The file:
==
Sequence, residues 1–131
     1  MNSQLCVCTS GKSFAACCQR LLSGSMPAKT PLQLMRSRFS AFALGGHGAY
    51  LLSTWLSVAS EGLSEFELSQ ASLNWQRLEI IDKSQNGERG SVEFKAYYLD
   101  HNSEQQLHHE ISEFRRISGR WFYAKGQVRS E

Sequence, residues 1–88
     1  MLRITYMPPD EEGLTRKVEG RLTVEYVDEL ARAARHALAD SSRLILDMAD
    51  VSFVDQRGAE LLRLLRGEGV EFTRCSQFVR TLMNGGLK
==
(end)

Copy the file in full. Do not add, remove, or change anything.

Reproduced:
Sequence, residues 1–131
     1  MNSQLCVCTS GKSFAACCQR LLSGSMPAKT PLQLMRSRFS AFALGGHGAY
    51  LLSTWLSVAS EGLSEFELSQ ASLNWQRLEI IDKSQNGERG SVEFKAYYLD
   101  HNSEQQLHHE ISEFRRISGR WFYAKGQVRS E

Sequence, residues 1–88
     1  MLRITYMPPD EEGLTRKVEG RLTVEYVDEL ARAARHALAD SSRLILDMAD
    51  VSFVDQRGAE LLRLLRGEGV EFTRCSQFVR TLMNGGLK